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Was hoping someone can help out with this. I am trying to figure out how to display the first line that contains a certain string i.e. "computer" (first occurrence of "computer" in a txt file). I would prefer to do this using grep.

I know grep "computer" somefile.txt

would display all of the lines including "computer". I am eager to learn and if anyone has alternative ways I would like to hear!

Thx everyone

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1  
Do you mean "contains" or "not containing"? Your question seem to talk about both... –  singpolyma Oct 2 '12 at 2:38
    
-n will print the line number in the file. Just a supplement to all the answers. –  squiguy Oct 2 '12 at 2:42
    
@squiguy And -A 3 will print the 3 lines after the match, so what. We are not rewriting the man page for grep :-) –  Adrian Cornish Oct 2 '12 at 2:43
    
@AdrianCornish I was just saying if the poster would like to see the line number is all. –  squiguy Oct 2 '12 at 2:44
1  
:) thanks guys for the feedback I just wanted the first occurrence of it in the file :) –  Masterminder Oct 2 '12 at 2:51

3 Answers 3

up vote 2 down vote accepted

Use the match count option of grep

grep -m 1 "computer" somefile.txt

Note that grep is non standard across un*x's so while http://www.gnu.org/software/grep/ supports this, if your distro or unix does not this will not work.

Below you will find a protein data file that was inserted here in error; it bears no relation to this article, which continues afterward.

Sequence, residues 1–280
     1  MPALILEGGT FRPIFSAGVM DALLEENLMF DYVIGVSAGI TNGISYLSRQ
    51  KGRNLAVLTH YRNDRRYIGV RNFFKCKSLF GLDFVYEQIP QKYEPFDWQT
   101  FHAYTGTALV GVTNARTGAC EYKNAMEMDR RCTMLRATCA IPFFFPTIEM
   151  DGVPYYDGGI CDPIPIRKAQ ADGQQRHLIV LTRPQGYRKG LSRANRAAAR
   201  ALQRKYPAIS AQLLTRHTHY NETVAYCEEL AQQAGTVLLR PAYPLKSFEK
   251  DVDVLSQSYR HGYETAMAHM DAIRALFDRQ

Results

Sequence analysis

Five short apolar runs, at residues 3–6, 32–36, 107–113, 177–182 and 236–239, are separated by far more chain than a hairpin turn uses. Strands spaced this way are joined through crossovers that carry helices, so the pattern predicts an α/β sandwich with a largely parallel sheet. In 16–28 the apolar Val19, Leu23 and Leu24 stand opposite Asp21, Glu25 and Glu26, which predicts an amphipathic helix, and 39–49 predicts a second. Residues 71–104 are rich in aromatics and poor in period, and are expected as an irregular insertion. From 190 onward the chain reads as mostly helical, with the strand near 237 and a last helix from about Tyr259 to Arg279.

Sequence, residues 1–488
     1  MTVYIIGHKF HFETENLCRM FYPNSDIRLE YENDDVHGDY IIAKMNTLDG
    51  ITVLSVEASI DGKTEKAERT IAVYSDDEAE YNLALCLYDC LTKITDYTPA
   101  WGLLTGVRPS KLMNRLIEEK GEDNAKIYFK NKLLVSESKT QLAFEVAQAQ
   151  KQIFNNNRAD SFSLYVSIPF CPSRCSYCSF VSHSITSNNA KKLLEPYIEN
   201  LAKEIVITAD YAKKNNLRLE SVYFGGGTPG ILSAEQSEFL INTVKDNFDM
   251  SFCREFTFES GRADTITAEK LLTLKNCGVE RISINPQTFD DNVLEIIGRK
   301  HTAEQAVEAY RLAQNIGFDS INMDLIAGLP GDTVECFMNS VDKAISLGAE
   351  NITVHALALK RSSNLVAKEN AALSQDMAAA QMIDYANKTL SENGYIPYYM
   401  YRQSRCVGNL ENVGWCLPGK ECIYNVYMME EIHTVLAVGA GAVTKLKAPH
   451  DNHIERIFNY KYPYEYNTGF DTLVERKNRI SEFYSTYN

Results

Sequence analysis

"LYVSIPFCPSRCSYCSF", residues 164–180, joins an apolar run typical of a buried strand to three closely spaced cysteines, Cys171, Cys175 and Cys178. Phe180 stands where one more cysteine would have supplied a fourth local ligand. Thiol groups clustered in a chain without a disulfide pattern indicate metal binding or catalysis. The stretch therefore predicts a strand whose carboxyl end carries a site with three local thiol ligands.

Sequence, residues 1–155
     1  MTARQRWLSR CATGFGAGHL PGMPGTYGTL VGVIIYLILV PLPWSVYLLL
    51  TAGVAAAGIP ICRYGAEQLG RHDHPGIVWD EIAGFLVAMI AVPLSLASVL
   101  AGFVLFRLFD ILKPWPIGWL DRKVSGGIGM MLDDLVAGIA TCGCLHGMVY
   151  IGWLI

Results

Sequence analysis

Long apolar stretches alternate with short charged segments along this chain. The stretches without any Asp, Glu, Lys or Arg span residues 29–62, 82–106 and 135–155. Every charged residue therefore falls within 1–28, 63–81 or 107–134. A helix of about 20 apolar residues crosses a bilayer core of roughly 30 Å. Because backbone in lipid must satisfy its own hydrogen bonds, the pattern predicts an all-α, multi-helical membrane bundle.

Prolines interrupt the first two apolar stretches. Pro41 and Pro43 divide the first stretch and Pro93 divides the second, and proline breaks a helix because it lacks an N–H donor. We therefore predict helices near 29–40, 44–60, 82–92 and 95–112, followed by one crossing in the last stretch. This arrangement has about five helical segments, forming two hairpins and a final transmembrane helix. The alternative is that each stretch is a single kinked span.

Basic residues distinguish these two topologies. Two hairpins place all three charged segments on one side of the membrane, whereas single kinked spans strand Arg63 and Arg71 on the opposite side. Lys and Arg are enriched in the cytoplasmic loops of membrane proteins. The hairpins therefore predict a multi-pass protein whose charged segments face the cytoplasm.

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thanks this works –  Masterminder Oct 2 '12 at 2:49
    
Cool - and as the other guys showed - there is more than one way to do this –  Adrian Cornish Oct 2 '12 at 2:51
    
Please note that this option may not exist in your version of grep, as it is nonstandard: pubs.opengroup.org/onlinepubs/007904875/utilities/grep.html –  singpolyma Oct 2 '12 at 2:53
    
same for me as well –  Masterminder Oct 2 '12 at 2:55
    
@AdrianCornish sorry, StackOverflow did something funny with the angle brackets I used. Fixed –  singpolyma Oct 2 '12 at 2:55

Is this homework?

grep -v "computer" somefile.txt | head -n 1

Comes to mind the quickest.

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I am just trying out exercises. By the way that only displays the first line of the file ... Not the first occurrence of "computer" –  Masterminder Oct 2 '12 at 2:41
    
That's because of the "-v". -v in grep means: "Doesn't match" –  Sandro Oct 2 '12 at 2:43
    
thanks a lot I see what you meant before –  Masterminder Oct 2 '12 at 2:47
    
Downvote -v excluded all instances of computer :-) –  Adrian Cornish Oct 2 '12 at 3:07

Pipes are your friend:

grep "computer" somefile.txt | head -n1
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Nice this works as well –  Masterminder Oct 2 '12 at 2:50

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